Targeted spear phishing has been widely reported to be the most effective method of breaching an organisation’s information security defences. In 2013, Trend Micro reported that over 90% of successful data breaches started with a targeted phishing attack. Despite huge investments in security technology, RSA, Google and Microsoft are all high-tech, high-profile examples of companies falling victims to this form of attack. Hundreds of thousands of SMEs have been hurt and their business impacted by Ransomware attacks such as Cryptolocker launched through a spear phishing email.
What most organisations security technology investments are missing is proper acknowledgement of the role of the human element in information security. Phishing is social engineering, using personalisation, motivation and incentives to persuade its targets into performing the desired action of clicking on a link in an email, downloading and opening an attachment or entering login credentials on a bogus website. Once this happens, the attacker has penetrated the network and has a foothold from which to launch his specific attack.
The attack on Target Corporation which exposed credit card and personal data on more than 110 million people was initiated through a malware-laced email phishing attack to a supplier. It is widely acknowledged that people are an organisation’s weakest link. Targeted phishing campaigns are unmistakably exploiting this fact successfully and will continue to do so until users understand the threat, recognise the level of potential damage their ill-advised actions can cause and are educated to become an effective counter measure.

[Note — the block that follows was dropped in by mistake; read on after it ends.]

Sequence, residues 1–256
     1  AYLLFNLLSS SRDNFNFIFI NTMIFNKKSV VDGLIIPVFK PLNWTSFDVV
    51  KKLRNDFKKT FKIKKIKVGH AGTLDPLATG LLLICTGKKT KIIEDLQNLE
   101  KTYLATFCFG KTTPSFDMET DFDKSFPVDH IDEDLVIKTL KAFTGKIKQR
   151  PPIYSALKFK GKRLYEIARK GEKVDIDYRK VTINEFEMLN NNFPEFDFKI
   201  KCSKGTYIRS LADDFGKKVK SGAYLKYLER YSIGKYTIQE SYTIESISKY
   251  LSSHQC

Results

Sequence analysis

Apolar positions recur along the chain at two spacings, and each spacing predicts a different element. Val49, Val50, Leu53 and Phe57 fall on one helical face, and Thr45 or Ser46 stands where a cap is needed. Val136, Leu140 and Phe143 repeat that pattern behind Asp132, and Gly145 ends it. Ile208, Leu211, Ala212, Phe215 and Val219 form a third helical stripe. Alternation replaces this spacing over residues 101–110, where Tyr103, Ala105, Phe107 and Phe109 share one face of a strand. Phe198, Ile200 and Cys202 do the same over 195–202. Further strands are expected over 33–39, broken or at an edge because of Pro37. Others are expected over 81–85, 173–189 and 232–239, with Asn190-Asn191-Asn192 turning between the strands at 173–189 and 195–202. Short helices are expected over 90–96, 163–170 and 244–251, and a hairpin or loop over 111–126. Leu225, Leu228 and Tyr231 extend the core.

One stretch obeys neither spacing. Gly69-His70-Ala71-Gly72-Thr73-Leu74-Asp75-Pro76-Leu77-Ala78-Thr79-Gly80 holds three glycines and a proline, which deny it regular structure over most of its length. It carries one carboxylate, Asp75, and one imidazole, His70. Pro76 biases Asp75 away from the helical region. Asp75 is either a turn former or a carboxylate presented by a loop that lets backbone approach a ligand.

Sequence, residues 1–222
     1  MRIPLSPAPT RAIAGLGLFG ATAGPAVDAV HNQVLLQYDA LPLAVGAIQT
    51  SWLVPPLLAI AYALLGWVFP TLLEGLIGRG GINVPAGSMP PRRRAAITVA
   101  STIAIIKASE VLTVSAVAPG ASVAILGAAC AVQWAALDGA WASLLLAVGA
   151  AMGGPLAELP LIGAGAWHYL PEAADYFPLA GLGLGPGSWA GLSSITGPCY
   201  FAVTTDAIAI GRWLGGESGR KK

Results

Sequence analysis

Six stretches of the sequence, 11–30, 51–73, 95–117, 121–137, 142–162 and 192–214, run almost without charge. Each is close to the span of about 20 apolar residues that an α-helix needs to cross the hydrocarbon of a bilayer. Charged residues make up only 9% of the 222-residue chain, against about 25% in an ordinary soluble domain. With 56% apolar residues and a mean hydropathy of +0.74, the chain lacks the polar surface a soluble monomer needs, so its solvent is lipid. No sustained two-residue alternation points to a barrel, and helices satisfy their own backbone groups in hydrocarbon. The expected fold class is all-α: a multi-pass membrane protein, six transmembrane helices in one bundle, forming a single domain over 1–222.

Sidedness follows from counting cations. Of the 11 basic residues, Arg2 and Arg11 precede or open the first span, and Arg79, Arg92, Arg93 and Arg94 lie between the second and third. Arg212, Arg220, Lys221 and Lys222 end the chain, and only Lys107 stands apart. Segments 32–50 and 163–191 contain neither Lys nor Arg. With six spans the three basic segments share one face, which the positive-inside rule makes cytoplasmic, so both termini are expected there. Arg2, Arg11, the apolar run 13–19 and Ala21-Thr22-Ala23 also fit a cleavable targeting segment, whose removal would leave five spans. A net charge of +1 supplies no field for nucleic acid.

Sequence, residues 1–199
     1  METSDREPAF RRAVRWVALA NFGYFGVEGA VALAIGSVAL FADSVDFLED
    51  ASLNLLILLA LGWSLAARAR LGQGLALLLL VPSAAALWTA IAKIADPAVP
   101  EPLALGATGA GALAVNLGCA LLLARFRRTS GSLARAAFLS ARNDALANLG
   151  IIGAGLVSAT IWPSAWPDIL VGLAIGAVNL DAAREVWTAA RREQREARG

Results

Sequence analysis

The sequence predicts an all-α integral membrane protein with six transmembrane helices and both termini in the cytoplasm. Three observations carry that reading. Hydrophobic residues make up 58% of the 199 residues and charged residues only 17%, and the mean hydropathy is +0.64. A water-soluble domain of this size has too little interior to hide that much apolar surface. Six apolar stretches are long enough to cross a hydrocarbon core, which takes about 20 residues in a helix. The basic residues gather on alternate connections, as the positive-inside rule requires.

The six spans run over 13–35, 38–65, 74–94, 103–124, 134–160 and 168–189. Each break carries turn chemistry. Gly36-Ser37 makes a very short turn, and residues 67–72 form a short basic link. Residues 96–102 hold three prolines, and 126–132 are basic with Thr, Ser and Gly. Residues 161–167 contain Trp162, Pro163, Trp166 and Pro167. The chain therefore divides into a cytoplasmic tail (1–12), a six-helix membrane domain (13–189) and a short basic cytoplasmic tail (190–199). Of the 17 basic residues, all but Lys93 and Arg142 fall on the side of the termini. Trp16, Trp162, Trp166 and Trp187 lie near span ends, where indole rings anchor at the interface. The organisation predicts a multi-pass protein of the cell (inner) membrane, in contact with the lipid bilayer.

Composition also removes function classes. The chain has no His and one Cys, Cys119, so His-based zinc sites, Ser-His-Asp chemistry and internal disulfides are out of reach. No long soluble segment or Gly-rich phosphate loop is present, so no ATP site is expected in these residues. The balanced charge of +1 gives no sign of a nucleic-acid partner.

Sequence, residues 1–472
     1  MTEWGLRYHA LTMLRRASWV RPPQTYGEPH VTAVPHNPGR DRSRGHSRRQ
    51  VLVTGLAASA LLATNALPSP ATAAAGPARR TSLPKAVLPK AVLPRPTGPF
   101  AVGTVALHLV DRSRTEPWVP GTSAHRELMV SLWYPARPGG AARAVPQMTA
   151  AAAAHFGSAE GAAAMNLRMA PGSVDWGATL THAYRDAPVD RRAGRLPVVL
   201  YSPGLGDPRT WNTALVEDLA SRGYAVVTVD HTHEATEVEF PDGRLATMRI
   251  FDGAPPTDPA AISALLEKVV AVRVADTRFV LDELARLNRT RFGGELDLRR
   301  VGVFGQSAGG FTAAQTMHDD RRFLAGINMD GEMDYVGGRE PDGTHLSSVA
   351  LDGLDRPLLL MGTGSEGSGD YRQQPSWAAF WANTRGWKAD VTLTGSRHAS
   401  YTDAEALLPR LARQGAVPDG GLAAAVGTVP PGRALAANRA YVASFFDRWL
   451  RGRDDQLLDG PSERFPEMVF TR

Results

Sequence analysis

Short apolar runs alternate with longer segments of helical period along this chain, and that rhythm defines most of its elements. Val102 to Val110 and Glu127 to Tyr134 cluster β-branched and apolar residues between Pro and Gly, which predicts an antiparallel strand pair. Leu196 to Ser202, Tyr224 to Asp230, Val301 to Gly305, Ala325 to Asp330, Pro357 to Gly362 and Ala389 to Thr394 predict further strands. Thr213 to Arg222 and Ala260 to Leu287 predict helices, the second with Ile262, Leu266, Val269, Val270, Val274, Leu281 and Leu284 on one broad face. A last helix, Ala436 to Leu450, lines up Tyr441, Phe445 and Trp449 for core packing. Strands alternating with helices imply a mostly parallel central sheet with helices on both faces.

According to Symantec’s latest Internet Security Threat Report (ISTR), the number of targeted campaigns increased 91 percent in 2013. It identified that 1 in 2.3 companies of more than 2,500 employees was subject to an attack. To take advantage of the human element, attackers are more patient now than ever, seeking to slowly infiltrate systems then lying in wait to attack. In 2013, the average attack lasted eight days compared to three days in 2012 and four days in 2011. These prolonged attacks indicate that hackers are becoming more focused and persistent over longer periods of time in order to better hide their activity. Symantec’s research identified a ratio of phishing emails to legitimate emails as 1 in 392.
The danger posed by phishing is a mix of simplicity and significant potential impact. It’s easy for unskilled attackers to conduct phishing attacks, and this makes phishing the vector of choice for the vast majority of cyber criminals. Phishing attacks have moved on from mass spam attacks to specifically targeted ones, and with social media providers such as LinkedIn, Facebook and Twitter, identifying targets has never been easier.
Evidence suggests that despite Security Awareness Training, standard IT users continue to fall for targeted phishing emails. Why is this? Presumably very few organisations are measuring the effectiveness of that training in relation to information security. Users, therefore, don’t only need to be “aware”, they need to change their behaviour.